Another study in 2014 highlighted the therapeutic effects of a CBG derivative on human immune diseases with both inflammatory and autoimmune components such as multiple sclerosis.
CBG may also possess tumor-inhibiting properties. A study published in the journal Carcinogenesis in 2014 examined the effects of CBG on colon cancer in mice. CBG hindered the progression of colon cancer and selectively slowed the growth of colorectal cancerous cells. Further research is needed to see whether these results can translate into cancer treatment for humans.
One of the major benefits of CBG could be its potential role in the treatment of glaucoma. Glaucoma, a major cause of blindness worldwide, is a condition that damages the optic nerve. Much of this damage happens due to abnormally high pressure in the eye.
CBG can help lower this intraocular pressure. According to a study published in the Journal of Ocular Pharmacology and Therapeutics in 2009, both CBG and THC may help relieve this eye pressure. However, CBG is the better option because of its non-psychotropic properties.
Cancer or AIDS patients often have a weak appetite, which leads to cachexia, which is defined as the weakness and wasting away of the body due to severe chronic illness. A 2017 study published in Behavioral Pharmacology found that both purified CBG and CBG-rich botanical drug substances may act as novel appetite stimulants in such cases.
CBG increased the number of meals consumed as well as the size of the meals in rats. The researchers concluded that CBG-rich botanical drug substances worked more effectively than CBG isolate. However, human trials are awaited.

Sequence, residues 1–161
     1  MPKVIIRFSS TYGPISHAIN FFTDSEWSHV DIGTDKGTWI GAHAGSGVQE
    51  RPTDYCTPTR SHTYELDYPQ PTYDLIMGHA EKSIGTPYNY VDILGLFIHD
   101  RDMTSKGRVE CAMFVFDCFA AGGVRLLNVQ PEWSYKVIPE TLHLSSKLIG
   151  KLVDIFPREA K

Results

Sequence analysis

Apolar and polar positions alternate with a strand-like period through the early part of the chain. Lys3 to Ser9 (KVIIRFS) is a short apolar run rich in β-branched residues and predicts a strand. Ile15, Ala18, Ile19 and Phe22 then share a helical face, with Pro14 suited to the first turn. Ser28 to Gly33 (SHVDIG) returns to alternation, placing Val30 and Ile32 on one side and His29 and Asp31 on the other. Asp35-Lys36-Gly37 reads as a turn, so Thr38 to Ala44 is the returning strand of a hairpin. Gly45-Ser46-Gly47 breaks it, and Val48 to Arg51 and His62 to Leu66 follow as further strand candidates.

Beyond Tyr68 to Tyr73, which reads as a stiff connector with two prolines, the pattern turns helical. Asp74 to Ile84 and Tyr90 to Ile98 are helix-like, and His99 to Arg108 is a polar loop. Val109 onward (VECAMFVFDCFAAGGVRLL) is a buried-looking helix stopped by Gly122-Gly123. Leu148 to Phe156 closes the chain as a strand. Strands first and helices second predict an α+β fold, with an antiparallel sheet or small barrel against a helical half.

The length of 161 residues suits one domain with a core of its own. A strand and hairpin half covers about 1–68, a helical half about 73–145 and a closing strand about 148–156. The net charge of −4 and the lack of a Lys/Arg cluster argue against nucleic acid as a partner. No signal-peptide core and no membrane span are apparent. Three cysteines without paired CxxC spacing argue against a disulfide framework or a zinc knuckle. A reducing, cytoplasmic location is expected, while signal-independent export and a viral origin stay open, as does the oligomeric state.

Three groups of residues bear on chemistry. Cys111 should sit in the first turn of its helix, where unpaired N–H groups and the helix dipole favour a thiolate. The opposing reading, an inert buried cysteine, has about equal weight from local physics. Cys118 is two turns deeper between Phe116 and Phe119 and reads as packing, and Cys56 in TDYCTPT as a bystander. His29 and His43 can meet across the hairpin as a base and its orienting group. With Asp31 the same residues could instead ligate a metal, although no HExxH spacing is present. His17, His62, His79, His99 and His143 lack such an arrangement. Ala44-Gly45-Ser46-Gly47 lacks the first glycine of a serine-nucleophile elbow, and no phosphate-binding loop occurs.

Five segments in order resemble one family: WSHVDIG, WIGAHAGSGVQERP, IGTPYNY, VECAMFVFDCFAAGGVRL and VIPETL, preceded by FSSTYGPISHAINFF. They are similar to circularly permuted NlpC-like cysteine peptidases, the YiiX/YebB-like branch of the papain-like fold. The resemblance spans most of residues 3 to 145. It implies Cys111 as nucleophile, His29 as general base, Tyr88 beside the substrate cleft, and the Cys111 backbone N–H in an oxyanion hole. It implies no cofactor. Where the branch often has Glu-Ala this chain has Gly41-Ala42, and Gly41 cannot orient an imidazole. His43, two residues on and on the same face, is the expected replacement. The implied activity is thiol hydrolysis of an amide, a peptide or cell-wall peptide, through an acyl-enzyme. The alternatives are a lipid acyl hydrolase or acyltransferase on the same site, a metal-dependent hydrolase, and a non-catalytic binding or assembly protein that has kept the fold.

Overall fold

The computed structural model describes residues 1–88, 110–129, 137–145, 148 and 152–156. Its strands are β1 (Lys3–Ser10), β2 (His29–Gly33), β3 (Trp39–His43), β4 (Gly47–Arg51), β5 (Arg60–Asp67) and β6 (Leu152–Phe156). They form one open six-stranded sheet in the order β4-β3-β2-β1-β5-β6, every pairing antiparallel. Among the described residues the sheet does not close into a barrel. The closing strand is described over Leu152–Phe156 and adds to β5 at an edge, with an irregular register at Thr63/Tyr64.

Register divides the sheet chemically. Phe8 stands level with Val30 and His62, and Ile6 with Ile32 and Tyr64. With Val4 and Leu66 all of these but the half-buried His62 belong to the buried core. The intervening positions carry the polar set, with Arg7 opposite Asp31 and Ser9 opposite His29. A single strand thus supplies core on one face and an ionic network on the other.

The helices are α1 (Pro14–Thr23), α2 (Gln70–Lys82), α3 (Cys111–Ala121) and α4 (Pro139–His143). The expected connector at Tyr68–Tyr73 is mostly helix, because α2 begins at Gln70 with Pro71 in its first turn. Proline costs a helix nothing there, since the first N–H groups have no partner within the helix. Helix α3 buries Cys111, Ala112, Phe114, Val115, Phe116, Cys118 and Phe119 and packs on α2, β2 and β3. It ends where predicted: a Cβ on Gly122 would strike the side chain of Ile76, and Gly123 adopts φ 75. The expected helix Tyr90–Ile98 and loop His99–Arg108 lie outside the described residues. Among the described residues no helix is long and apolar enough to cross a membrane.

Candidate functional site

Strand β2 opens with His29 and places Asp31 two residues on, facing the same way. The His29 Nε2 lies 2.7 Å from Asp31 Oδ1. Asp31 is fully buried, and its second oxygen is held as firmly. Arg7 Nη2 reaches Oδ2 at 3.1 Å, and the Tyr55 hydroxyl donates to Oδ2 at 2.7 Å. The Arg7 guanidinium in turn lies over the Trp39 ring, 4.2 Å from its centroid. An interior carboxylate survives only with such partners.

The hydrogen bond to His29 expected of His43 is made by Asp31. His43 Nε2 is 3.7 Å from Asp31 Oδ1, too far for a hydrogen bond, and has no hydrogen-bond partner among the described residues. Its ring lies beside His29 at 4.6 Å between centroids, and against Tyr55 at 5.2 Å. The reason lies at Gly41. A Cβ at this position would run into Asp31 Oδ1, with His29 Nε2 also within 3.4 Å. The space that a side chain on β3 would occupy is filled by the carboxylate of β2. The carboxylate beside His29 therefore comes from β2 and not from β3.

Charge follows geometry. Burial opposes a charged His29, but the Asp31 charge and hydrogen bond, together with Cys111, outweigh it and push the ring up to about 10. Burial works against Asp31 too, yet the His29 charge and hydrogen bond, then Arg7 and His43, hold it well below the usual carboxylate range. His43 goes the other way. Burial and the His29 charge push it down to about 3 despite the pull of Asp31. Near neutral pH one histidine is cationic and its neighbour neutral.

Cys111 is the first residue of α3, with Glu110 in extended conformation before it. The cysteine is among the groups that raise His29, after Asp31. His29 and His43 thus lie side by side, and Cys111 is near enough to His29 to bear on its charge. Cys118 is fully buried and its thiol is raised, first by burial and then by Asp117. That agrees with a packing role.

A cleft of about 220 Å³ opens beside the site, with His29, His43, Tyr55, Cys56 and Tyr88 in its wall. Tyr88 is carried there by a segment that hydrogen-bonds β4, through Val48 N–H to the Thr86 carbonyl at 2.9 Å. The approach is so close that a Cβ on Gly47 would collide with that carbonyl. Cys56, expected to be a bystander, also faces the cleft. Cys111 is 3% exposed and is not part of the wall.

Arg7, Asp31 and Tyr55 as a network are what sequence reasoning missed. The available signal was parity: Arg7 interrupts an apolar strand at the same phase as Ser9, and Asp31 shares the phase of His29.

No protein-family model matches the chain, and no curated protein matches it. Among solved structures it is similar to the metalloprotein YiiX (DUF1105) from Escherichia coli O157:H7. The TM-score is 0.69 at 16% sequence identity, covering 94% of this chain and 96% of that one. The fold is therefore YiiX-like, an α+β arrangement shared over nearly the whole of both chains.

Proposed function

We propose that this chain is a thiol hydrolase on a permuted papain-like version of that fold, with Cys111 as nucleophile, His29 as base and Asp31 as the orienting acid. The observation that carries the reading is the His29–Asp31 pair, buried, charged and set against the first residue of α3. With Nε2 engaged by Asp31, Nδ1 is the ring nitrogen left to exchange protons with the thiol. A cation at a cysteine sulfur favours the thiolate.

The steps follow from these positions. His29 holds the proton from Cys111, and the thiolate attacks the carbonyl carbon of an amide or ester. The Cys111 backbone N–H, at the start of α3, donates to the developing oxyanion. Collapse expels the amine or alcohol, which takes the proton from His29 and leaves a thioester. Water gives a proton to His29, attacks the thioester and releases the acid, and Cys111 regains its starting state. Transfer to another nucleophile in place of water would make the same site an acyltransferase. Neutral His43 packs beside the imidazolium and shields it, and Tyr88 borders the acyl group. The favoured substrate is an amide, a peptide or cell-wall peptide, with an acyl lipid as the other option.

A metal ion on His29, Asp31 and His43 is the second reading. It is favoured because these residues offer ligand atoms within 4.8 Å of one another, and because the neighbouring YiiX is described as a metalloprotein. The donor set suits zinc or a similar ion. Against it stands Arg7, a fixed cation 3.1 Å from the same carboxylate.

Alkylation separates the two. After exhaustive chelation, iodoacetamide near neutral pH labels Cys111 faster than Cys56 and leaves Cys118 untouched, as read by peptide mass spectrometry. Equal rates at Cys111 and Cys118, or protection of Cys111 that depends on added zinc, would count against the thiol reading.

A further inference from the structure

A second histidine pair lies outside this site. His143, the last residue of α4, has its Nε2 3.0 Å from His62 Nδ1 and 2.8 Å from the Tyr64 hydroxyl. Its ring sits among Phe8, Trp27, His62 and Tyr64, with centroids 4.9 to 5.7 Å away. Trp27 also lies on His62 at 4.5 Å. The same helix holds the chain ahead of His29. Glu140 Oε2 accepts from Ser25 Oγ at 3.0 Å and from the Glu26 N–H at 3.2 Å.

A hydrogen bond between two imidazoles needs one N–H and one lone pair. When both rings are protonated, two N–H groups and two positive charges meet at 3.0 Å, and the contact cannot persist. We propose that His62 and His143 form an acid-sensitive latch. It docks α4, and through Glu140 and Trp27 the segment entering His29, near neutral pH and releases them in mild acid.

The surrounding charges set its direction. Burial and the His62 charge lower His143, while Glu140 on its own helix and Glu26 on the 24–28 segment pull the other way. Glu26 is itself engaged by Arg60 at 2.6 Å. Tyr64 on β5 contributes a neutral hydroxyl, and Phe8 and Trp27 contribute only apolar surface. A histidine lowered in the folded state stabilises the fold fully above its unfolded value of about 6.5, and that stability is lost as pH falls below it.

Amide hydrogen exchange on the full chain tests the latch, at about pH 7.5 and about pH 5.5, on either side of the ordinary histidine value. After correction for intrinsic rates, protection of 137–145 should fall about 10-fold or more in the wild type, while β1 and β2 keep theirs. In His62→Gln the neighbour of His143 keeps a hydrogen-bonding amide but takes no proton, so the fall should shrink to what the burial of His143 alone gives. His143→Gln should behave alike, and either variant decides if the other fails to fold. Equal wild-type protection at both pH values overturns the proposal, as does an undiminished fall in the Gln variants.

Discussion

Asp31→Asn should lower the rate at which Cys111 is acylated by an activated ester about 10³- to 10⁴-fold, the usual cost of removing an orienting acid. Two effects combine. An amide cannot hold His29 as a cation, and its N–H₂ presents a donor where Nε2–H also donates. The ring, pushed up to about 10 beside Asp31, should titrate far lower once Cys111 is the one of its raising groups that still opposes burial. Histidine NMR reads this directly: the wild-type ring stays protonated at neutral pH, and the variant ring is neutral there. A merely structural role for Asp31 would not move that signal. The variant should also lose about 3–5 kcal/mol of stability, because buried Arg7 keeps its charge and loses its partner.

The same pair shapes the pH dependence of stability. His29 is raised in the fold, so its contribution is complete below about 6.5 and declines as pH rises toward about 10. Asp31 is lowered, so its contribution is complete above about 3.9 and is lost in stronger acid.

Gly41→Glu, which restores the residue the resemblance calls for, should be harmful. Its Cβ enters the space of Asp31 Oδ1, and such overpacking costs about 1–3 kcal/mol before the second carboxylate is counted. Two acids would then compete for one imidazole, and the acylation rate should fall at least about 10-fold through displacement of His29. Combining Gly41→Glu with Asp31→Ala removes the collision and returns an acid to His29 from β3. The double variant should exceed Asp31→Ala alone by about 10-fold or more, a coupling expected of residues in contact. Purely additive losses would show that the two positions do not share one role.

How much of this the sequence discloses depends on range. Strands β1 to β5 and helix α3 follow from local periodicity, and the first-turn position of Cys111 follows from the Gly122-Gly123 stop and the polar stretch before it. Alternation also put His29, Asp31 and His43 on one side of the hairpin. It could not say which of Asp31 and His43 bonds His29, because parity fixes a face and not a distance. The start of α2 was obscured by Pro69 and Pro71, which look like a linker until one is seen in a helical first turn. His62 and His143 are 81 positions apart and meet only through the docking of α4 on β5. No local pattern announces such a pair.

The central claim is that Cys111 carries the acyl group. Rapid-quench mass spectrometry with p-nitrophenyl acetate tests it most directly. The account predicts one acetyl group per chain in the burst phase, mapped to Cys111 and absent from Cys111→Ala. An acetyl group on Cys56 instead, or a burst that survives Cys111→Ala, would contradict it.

Another study published in 2019 showed that CBG might be a novel therapeutic option for chemotherapy-induced cachexia as well.
Antiseptic & Antibacterial
A study published in 2021 showed that CBG exhibits anti-bacterial activities against Streptococcus mutans, the most common pathogen associated with tooth decay or cavities. CBG can halt the proliferation of these bacteria.
Another study published in the Journal of Natural Products in 2008 found that CBG, CBD, Delta-9 THC, cannabichromene (CBC), and cannabinol (CBN) showed high potency against a variety of methicillin-resistant Staphylococcus aureus (MRSA) bacteria. However, the researchers could not figure out their mechanism of action.
Cultivars High In CBG
There are four types of cannabis cultivars. Those high in THC are Type I. Type II has a mixed ratio of CBD and THC. Type III is CBD-dominant. Those high in CBG are called Type IV. Industrial hemp generally has higher concentrations of CBG.
One of the first commercially available CBG-dominant strains was Stem Cells. It grows vigorously and heavily produces large, lime-green flowers covered in crystals. Another CBG-rich strain is White CBG. It contains up to 20% CBG. CBG-dominant hemp is found in Europe, particularly France. There’s also the Auto CBG strain with around 8% CBG.
As people get to know more about the unique benefits of CBG, we are likely to see more research into the cannabinoid as well as more products on the market.
Is CBG Legal?
Both hemp and marijuana belong to the cannabis group of plants. Hemp flowers contain less than 0.3% THC, while marijuana contains more than 0.3% THC, which is the primary psychotropic ingredient of cannabis. That is why marijuana is illegal at the federal level, and hemp is not.
CBG is produced in more significant quantities in industrial hemp plants. And yet, industrial hemp plants, which are grown following several restrictions, lack the full cannabinoid and terpene profile found in whole-plant marijuana. That may restrict the entourage effect.
However, hemp-derived CBG is legal to buy, sell, and consume in the US as long as the product contains less than 0.3% THC.